Ohio Gov. Kasich Can Withhold Threat Docs

     (CN) – Documented threats to Ohio’s governor are not public records that should be exposed to the media, the Ohio Supreme Court ruled.
     The case stems from a records request Plunderbund Media made to Gov. John Kasich’s office in 2012, after his office refused to release his schedules, “claiming the governor was receiving ‘daily’ threats,” the political news organization says on its website.
     To verify Kasich’s claims, Plunderbund says it requested that the Ohio Department of Public Safety release records of any threats to Gov. John Kasich that had been investigated by the Highway Patrol.
     The department’s lawyers refused to produce even redacted records, citing the “security records” exemption to the Public Records Act.
     Plunderbund then asked the Ohio Supreme Court for a writ of mandamus, arguing that the exemption applies to protecting a public office and deals with issues like blueprints of a building and the placement of cameras.
     The state countered that the “public office” includes the person who holds that office and would cover a sabotage or terrorist attack.
     The justices sided with the state, denying Plunderbund’s writ in an unsigned opinion.
     “Indeed , a public office cannot function without the employees and agents who work in that office, and records ‘directly used for protecting or maintaining the security of a public office’ must inevitably include those that are directly used for protecting and maintaining the security of the employees and other officers of that office,” the justices wrote.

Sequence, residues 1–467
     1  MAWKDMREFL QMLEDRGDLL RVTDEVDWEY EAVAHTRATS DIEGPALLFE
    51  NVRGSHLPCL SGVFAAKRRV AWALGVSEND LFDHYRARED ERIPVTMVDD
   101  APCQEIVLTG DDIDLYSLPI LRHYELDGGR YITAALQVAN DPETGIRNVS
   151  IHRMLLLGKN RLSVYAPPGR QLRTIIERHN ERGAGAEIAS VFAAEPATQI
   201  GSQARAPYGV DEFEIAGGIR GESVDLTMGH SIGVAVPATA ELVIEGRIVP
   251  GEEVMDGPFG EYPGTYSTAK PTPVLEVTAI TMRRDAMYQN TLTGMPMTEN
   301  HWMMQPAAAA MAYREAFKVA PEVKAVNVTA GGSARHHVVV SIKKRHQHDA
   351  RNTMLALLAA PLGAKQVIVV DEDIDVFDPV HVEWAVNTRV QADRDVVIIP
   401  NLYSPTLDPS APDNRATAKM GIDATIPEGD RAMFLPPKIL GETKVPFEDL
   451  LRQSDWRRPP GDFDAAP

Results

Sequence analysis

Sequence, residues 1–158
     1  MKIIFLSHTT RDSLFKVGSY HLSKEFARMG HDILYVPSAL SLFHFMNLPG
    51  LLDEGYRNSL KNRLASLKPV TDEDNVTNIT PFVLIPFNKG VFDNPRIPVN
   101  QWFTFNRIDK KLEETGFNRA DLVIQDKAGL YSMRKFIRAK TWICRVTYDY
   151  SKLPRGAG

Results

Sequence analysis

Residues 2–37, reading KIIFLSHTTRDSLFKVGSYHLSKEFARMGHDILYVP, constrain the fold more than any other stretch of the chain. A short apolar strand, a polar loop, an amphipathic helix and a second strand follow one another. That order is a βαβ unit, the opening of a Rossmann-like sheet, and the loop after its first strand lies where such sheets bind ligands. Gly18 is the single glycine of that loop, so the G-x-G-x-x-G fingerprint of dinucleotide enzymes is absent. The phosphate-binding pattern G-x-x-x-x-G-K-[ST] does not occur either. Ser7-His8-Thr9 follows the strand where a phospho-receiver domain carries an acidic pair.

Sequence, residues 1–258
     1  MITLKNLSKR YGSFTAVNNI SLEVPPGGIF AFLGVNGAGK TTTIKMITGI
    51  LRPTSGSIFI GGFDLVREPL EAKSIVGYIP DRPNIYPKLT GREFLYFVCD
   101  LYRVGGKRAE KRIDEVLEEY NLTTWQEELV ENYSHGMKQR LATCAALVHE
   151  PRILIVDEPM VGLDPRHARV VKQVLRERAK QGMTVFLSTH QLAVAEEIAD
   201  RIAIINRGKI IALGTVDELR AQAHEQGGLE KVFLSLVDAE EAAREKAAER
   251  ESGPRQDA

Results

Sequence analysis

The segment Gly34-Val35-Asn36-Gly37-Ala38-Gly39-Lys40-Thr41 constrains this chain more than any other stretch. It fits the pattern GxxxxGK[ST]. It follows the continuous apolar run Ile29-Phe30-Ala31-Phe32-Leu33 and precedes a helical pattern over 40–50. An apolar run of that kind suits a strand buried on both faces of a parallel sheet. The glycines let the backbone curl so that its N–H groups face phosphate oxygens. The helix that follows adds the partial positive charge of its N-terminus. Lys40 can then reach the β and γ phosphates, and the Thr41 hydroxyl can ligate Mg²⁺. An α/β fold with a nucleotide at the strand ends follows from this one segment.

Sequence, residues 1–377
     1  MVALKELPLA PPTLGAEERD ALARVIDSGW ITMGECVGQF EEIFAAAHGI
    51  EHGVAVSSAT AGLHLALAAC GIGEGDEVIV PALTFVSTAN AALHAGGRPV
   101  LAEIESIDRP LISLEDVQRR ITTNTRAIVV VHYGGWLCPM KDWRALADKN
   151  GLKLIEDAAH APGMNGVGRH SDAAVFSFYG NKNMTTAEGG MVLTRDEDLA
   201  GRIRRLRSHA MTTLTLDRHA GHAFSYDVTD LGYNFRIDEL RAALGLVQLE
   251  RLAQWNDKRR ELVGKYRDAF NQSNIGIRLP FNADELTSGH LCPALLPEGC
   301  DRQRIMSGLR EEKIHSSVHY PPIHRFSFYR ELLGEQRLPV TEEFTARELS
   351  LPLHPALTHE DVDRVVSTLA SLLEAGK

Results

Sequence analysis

They cited the testimony of state officials, one of whom stated that “each threat and investigation thereof potentially reveals security and safety violations.”
     Another official testified that revealing “even seemingly minor or insignificant pieces of information” has the potential to “reveal patterns, techniques or information” regarding security.
     The justices added that they did not need to view the records in camera to determine that they should be protected.
     “The records at issue involve direct threats against the highest official in the executive branch of Ohio government. Information included in these threats, according to the affidavits provided, is used for protecting and maintaining the security of the governor and his staff and family and for maintaining the secure functioning of the governor’s office. The records are therefore ‘security records’ and exempt from disclosure under (the law),” they wrote.
     In a statement on its website, Plunderbund expressed disappointment in the decision.
     “The court has effectively granted carte blanche to anyone in government to hide virtually any document by simply claiming it is a ‘security document’ just like the Ohio Highway Patrol and the Ohio Department of Public Safety have done with the records we requested and were denied,” the publication said.

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